But what sets Charles Street apart, at least as far as we are concerned, is the beer section! According to their website, they offer 1000 beers in the store. In our experience, this number seems about right. And, the stock everything from local microbrews to Belgian beers to uncommon other options.
Forget the fancy malls and the designer shops. If you want real bargains - and I'm talking about a couple of dollars max - head down to the Hadassah Thrift Shop in Allston. For all you squeamish people out there, try it once and you'll be hooked. This place does not sell junk. Boston is full of wealthy people who buy stuff and never use it. The store is packed with good-quality clothing, housewares, furniture, children's toys, etc. - some of it with the price tags still on. The prices are dirt cheap, and if the salesladies (volunteers) take a liking to you, they'll give you a wink and lop off the price even more. And remember, whatever you do pay goes to charity.
This is a particularly good place for students looking for a cheap way to furnish their rented apartments. This place has got everything - sofas, desks, mirrors, linens, dishes - all going for a pittance.
Having said all this, remember that luck has a lot to do with it. People are constantly bringing in carloads of stuff, so if you don't do well one day, try another. When my daughter was small, for example, I happened to be there when someone came in with a Fisher-Price doll house filled with little furniture and dolls, which I grabbed for something like $3. You wouldn't want to know what it cost in a toy store...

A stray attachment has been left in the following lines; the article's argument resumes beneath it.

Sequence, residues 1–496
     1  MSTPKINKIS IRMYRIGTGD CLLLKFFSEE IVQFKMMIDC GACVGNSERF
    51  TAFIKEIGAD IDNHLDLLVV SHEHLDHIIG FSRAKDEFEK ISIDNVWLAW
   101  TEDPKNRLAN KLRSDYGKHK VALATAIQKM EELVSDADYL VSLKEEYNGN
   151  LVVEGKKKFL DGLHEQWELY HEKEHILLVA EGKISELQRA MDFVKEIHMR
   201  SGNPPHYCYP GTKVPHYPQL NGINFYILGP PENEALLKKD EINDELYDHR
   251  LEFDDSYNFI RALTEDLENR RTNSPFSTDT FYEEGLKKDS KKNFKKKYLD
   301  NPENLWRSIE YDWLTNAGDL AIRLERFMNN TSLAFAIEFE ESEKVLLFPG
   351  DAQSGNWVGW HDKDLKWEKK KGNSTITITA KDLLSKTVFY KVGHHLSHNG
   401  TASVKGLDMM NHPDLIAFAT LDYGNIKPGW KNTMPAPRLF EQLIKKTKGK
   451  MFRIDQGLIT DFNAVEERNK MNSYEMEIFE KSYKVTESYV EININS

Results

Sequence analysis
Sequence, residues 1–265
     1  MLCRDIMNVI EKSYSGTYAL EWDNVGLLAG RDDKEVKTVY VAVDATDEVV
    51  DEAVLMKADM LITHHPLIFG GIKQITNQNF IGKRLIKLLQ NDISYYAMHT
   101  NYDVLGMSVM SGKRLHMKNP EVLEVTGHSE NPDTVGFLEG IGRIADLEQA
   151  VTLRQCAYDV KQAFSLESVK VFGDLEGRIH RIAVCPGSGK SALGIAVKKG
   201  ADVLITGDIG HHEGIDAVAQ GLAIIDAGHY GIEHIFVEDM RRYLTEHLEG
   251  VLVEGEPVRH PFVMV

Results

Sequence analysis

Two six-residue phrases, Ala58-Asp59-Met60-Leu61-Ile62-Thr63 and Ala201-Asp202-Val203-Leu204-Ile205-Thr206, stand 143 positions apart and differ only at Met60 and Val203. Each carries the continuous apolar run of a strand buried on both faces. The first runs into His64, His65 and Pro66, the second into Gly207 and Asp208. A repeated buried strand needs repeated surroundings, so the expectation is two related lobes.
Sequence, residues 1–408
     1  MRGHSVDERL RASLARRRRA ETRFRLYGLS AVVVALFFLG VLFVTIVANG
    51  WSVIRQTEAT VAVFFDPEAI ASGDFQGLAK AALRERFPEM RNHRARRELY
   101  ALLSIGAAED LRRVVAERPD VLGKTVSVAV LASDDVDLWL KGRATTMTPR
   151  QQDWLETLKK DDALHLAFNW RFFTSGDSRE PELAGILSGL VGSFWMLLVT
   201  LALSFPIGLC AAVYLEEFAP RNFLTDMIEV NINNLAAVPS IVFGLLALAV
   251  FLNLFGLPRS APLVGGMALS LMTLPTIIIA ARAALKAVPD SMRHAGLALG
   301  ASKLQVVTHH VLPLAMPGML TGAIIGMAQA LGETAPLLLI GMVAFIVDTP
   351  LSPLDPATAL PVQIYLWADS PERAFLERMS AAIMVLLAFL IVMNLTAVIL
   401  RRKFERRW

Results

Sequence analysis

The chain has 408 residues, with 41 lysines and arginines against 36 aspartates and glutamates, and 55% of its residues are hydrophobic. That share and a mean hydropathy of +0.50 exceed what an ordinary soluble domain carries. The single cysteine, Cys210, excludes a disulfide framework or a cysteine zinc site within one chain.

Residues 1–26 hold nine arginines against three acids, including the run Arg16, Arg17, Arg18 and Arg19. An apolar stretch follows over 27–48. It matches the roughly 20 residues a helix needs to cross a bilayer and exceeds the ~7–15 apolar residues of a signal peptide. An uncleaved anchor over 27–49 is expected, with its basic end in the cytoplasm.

The shop is closed on Saturdays.
2007 update: Sad to say, I heard the place recently closed down. Boston won't be the same without it.
1. Newbury Street, Back Bay- Designer strip with lots of boutiques. good places to lunch when you take a break too. It has both Chanel and Urban Outfitters, though, so the price tags here vary a lot. Nice galleries as well.
2. Harvard Square- More a collection of funky little shops, but the highlight are the great book stores. You can find wind up dolls, rubber boots, and first edition books in this area.
3. Beacon Street, Beacon Hill - High end boutiques. Not a lot for guys here. Windows are full of dresses and bags, the style is very New England throughout. Conservative, elegant, damn pricey.
4. Downtown Crossing- to get to all the department stores. Not a nice area to look at - very urban and in the center of the city, but I list this because if you are looking for Macys, Barnes and Noble, and other chains, they are located here.